Costumes: a little witch

I thought it would be fun to post all of the Halloween costumes I’ve made in the last 10 years. I’ll post them one at a time over the next few weeks, as I find all of the photos!

When I was very small, my mom made many of our clothes on her old Singer sewing machine that she got in 1959. I remember watching her whip up Barbie clothes for me out of the scraps and wanting so badly to play with the machine. (To this day, I have one of the doll clothes bags she made for me out of our living room curtains. That fabric was probably original to the house. I’ll have to show you that another time.)

As I got older, we were occasionally allowed to make some straight stitches and learned how to backstitch to finish, but some of the other skills – like threading the machine – seemed too complicated. When I was in 7th or 8th grade (I forget!), I officially learned how to sew in my by-the-book school sewing class. It was exciting to learn all of the parts of the machine and how to thread it.

Every now and then, I’d use mom’s cool Singer to mend clothes. When I was in college, I started working on a pattern for a tailored shorts outfit, a la Julia Roberts in Pretty Woman. It was gorgeous and was turning out really well. I was nearly done when I realized the size in the pattern and the size I normally wore did not match up. I was at a loss for how to fix the problem and abandoned the project before it was time to put in the zipper. (This project was also my first realization that making clothes was no longer cheaper than buying clothes on the clearance rack.) About that time, I was away from the Singer more than I was around to use it, so I didn’t really get much sewing time.

When I had my daughter in 2001, it never occurred to me to make her Halloween costume the first year. I ordered an absolutely adorable bunny rabbit costume that, at six months of age, she wore for all of two minutes. I realized the $30 investment in the costume and shipping maybe wasn’t my smartest purchase.

The next year, as Halloween approached, I realized that I had the makings of a cute costume on my hands. Now an increasingly active toddler, the squirt had an old broom that she loved to “clean” with. This was inspiration, part 1. The rest of the inspiration came when I was often avoiding some pieces in her wardrobe that were black. Among the pinks, purples and yellows stuffed into her closet, the all-black pieces really stood out. One day, I was ruminating about where those black leggings and turtleneck had come from, when the squirt came by with the broom. Eureka! Black clothes plus broom equaled the cutest witch EVER!

Who’s mommy’s cute little witch?

You will have to bear with me on these photos. They were taken 10 years ago when we still used a little something called “film.” Actually, when these were taken, I was using a point and shoot film camera. Can you imagine trying to catch a speeding toddler with a point and shoot? Much blurriness occurred.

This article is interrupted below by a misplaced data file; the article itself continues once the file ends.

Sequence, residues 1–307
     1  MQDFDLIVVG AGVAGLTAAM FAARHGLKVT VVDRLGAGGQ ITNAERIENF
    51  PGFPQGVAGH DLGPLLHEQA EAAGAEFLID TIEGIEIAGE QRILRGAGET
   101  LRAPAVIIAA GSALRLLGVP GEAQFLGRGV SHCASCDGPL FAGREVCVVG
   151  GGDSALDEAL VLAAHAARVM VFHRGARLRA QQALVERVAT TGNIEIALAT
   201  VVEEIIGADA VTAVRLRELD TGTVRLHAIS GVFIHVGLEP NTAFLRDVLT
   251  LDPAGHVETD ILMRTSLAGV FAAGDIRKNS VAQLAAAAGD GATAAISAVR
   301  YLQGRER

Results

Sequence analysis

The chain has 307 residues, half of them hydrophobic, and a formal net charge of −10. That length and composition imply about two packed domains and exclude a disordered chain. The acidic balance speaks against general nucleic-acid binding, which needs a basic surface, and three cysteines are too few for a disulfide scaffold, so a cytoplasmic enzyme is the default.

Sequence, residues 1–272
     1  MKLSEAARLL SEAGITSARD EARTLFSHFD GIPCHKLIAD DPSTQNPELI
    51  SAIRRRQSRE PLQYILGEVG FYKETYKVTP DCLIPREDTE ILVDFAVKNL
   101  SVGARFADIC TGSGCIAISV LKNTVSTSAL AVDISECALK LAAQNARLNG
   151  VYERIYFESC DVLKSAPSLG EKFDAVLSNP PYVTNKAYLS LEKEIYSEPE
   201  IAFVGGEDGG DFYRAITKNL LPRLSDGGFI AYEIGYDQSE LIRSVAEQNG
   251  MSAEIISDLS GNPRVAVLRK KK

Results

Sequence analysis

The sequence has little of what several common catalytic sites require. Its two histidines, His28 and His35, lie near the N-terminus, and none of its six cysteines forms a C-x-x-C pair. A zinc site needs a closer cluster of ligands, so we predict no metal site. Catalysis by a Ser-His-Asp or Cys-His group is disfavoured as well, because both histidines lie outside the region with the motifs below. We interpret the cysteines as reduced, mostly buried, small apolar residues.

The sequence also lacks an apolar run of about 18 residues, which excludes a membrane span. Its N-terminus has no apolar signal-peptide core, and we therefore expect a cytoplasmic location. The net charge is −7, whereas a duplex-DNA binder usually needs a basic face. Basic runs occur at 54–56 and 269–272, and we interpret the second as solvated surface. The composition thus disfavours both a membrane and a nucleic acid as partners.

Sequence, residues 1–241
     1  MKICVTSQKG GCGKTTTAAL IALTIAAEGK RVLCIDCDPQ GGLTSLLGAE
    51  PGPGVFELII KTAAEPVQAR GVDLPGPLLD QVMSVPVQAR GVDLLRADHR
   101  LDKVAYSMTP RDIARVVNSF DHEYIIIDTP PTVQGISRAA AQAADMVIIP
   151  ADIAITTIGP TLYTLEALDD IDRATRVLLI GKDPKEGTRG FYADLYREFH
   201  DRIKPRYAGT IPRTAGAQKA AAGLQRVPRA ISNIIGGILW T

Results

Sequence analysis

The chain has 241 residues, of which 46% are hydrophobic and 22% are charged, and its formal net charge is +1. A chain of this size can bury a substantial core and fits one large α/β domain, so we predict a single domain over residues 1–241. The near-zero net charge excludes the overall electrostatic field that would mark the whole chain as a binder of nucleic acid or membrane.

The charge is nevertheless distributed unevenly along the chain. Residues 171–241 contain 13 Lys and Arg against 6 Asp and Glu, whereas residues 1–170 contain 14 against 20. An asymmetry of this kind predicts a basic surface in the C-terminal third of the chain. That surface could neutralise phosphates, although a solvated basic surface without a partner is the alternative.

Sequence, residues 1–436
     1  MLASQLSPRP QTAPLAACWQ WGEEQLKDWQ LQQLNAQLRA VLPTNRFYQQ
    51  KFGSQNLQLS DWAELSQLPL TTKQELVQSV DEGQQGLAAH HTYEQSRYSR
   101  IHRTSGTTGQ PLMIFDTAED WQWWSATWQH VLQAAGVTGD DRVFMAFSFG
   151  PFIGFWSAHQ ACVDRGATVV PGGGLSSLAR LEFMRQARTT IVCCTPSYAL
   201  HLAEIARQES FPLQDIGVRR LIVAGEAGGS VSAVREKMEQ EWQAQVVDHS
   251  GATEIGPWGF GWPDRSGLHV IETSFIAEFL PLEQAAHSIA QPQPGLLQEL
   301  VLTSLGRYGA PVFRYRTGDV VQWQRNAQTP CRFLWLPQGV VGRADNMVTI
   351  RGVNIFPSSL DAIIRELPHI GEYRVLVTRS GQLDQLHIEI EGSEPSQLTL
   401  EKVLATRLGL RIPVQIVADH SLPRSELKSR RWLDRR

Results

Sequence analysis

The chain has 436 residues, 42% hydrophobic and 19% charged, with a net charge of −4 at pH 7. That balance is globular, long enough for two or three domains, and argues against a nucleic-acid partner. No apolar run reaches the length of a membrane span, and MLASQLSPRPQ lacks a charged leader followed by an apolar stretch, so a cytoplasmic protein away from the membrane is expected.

Besides a pointy hat (which is giant because I bought an adult one for like $1), I felt the black clothes and broom needed a little oomph. I went to my local fabric store with every intention of buying a piece of fancy Halloween fabric, swooping it around the kid and calling it a cape, ’cause that’s how I used to roll. (USED TO. That’s foreshadowing, peeps.)

I took a look at the fabric and realized it would need to be hemmed and it would need some sort of a way to tie it on her. So, I bought my pretty fabric and some black satin ribbon. I borrowed my mother-in-law’s sewing machine and did a quick hem, as well as a top hem to create a tunnel for a drawstring ribbon.

Baby witches carry sippy cups.

Of course, I didn’t own a measuring tape at the time. My measurements for the fabric consisted of me holding up a bolt of fabric next to the kid and saying, “Uh, yeah, I don’t know, like, a yard?” Turns out, you can make a year’s worth of capes for an 18-month-old out of a yard of 45-inch fabric.

So, I used some of the fabric to fashion a sarong, to help hide the boring leggings and turtleneck.
The broom, which was chipped red paint, needed a little something, something. So, I spray painted it black. And, while I was at it, I spray-painted a pair of baby tennis shoes which she was about to outgrow. (Somehow, those tennis shoes aren’t in any of these photos.) When I got done with that, I stepped back and thought, “hmm, this needs something … GLITTER!” I grabbed a bottle of spray glitter glue and glittered the shoes, the broom, the hat, the ground, my toes and maybe the dog.

If you were this cute, you would get
money in your bag, too.

While I was really happy with how quick the costume came together and how darn, stinking cute my baby looked, I will admit it was just a smidge too long for her. Ok, more than a smidge. It was long enough for a five-year-old to wear. (FORESHADOWING???) It was ok. I made it work with safety pins.

Baby witches can conjure creepy photo orbs.

Am I the only one dying over the cuteness?

And those cheeks. Mmmm. I love those cheeks. Such a scrumptious little bug.

I hope you like my first Halloween costume, created in 2002. Stay tuned! There are 10 more coming your way.

What are you going to be for Halloween this year? Do you have any great ideas for kids?

Author: rosie

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